Strategy and Surveys – The Why

Published online: 17 July 2015

The Nutrition Society is conducting an annual survey at the moment. There have been annual surveys by the Society before, but in the past few years they have been conducted using the narrow and somewhat flat platform called Survey Monkey. This year (and in future years) we have decided to use a professional research body. They have now worked with us to design the questions, organise the sample groups, and eventually will provide the initial analysis. They are conducting a range of online surveys and telephone interviews with members, non-members and past members. If sufficient individuals take part in the survey it will have real depth in its findings. In addition the outcomes will allow us to build a year-on-year analysis as well as benchmark ourselves against similar organisations who conduct such surveys. Most importantly it will provide excellent data to feed into our strategic planning process.

The good news is we are very close to achieving the level of response we need to have a robust sample size. If you have not completed the survey please do take the 15 minutes needed soon – it closes next week. If you are not sure it is worth the time please read on, as I attempt to explain why the Society needs to hear from you.

Change now seems to be a reality of daily life, people's expectations and values continue to change, and it is a real challenge for an organisation such as a scientific Learned Society to balance the need to respect its history and traditions yet remain contemporary in its approach and development. One of the aspects of our research at the moment is to gain a sense of what it means to be a scientific Learned Society in the 21st Century. I suggest this is becoming one of many Learned Societies' major challenges. Traditionally people identify with a group or cause (such as a Club, Church, Society etc.) through its proven identify, and therefore if we are to continue to be at the leading (and cutting) edge of nutritional science in the world, the Society has to continue to attract the very best, intelligent, renowned and eminent individuals. What kind of identity does our Learned Society need to have to be attractive to such a group? Is it a narrow approach, or a broader more open approach with opportunities for many? Perhaps we have reached a stage where one size does not fit all anymore. I, and many individuals I consult with, do not know the answers yet to these important, and profound, questions. Hence why taking the time at the moment to rigorously examine what it means to be a scientific Learned Society in the 21st Century is so important to the Society's long term sustainability.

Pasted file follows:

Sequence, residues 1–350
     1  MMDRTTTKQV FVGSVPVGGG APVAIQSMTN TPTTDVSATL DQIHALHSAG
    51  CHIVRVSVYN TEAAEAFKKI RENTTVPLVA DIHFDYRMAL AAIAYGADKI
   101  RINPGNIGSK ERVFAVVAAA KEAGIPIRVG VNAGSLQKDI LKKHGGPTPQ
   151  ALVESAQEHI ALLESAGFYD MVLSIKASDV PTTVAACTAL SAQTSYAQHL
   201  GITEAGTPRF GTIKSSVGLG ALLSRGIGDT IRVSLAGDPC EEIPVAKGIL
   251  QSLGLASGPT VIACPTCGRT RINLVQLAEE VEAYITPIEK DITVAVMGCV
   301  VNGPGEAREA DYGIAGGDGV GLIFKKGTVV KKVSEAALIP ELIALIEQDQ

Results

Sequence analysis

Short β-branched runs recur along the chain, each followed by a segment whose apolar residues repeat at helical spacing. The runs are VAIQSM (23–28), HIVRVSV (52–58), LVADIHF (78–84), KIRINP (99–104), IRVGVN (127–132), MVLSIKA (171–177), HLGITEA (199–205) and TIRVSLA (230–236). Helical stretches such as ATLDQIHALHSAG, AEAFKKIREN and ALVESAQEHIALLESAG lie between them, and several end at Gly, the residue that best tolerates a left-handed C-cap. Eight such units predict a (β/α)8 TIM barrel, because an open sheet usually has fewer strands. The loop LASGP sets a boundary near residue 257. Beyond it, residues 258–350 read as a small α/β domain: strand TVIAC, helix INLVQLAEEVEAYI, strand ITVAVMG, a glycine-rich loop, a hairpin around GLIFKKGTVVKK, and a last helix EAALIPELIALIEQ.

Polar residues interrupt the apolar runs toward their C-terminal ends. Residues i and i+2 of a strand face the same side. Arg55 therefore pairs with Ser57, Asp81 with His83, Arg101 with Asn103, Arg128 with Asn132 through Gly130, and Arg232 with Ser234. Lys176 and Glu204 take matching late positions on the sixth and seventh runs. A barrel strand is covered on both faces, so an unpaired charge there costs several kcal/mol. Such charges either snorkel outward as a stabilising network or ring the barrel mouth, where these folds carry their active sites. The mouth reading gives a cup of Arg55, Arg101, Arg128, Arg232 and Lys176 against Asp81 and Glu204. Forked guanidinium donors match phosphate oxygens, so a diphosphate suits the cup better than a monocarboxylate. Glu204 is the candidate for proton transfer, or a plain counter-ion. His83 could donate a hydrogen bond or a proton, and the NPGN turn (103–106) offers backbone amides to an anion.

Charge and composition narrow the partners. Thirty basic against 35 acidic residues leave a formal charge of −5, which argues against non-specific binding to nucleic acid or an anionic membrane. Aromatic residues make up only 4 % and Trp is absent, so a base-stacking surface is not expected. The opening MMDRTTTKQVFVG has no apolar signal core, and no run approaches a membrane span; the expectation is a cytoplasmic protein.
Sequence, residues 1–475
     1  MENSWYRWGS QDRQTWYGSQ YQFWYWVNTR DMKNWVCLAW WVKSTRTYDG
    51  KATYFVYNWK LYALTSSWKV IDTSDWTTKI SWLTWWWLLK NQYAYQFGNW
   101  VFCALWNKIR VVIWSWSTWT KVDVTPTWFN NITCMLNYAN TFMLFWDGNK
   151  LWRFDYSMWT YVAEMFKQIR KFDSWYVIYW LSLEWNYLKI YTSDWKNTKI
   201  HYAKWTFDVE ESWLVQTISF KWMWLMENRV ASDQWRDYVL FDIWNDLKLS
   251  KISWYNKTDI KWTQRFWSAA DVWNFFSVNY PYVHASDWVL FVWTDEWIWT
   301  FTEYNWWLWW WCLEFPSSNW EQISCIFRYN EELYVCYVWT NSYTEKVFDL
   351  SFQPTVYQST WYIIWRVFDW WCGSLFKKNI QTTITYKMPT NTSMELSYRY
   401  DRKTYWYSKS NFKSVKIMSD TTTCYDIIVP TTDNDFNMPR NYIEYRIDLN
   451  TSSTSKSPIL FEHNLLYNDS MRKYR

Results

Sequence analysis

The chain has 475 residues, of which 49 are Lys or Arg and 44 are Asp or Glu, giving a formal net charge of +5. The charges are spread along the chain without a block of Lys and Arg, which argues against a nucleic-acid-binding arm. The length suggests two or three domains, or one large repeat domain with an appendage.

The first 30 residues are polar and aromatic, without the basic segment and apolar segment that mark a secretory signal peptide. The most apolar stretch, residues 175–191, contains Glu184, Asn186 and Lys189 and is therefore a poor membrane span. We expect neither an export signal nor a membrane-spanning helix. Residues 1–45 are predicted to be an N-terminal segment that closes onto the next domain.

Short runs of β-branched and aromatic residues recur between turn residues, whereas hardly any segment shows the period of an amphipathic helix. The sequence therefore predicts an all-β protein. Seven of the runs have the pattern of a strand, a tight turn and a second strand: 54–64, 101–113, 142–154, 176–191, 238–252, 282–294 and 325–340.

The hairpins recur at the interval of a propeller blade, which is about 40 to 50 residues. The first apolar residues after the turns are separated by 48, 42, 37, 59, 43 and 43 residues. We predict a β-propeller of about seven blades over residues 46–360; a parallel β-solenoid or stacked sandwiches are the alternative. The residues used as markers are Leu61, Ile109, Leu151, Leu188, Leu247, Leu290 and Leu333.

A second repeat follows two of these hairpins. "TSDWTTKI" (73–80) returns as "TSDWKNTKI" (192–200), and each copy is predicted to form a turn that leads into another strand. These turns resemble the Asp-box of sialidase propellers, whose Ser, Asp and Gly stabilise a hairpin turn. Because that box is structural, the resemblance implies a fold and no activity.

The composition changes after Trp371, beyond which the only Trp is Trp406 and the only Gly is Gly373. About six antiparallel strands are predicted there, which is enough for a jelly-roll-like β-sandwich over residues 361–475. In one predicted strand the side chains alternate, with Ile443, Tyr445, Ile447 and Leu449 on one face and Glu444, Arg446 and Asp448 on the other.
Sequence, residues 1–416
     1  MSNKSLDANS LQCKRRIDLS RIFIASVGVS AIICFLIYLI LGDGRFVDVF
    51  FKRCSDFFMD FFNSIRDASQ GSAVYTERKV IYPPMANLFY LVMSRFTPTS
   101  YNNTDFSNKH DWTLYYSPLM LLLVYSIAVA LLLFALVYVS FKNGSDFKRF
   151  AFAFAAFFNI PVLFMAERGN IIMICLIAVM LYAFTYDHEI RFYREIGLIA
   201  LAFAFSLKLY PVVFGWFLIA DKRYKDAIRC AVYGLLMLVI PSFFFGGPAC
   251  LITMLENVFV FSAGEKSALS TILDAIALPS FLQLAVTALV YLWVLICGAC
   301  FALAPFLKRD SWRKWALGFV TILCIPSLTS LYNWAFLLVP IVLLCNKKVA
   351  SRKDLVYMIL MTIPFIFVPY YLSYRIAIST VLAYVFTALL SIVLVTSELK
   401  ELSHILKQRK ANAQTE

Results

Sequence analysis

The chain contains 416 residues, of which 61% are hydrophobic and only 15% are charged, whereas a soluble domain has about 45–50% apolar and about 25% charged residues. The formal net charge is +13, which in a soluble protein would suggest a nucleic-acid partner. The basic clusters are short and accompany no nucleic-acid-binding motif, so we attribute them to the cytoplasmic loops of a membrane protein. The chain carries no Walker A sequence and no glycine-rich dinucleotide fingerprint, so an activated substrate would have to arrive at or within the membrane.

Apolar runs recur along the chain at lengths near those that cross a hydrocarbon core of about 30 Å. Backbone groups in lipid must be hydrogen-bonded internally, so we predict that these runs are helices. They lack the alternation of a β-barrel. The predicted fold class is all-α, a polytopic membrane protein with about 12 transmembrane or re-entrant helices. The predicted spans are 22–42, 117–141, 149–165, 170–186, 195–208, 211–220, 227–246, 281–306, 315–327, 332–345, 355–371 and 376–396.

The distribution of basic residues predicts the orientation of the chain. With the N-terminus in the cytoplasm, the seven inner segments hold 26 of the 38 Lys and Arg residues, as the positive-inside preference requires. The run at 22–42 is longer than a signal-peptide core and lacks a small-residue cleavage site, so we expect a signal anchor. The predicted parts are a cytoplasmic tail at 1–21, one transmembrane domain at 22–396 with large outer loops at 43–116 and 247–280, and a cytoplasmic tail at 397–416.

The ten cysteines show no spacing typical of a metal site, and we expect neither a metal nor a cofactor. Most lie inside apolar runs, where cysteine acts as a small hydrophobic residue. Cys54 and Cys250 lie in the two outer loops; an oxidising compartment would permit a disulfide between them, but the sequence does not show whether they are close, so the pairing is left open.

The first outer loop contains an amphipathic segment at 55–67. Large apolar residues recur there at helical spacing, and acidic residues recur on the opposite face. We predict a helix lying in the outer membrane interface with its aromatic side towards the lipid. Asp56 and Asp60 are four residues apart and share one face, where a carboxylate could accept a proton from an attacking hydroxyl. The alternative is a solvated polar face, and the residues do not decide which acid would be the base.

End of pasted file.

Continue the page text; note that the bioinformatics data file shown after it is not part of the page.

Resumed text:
I would argue in favour of regular annual surveys to feed into strategic reviews and planning - it is at the heart of any well organised endeavour. This process helps avoid short term, reactive thinking and actions. It provides an opportunity for inputs from those directly impacted by decisions which will result from the strategy. I must confess to being 'deep into' strategic planning. That is why I am going to great lengths in the consultative phase of the planning cycle at the moment to gather a wide range of data to help with the rigorous analysis that will follow. As current custodians of The Nutrition Society our Trustees have a duty to honour and respect the past achievements, traditions and history of the Society but equally have to have access to up-to-date data to enable them to chart a safe, yet enterprising future direction.

Our members' input to the new annual survey is the cornerstone of our future strategic planning. It is helping to answer the important questions of what the Society needs to be to retain (and grow) its reputation as the very best in the World. Thank you to all of you who have participated thus far in the survey – the opportunity still exists for those of you who have not! 

Mark Hollingsworth, CEO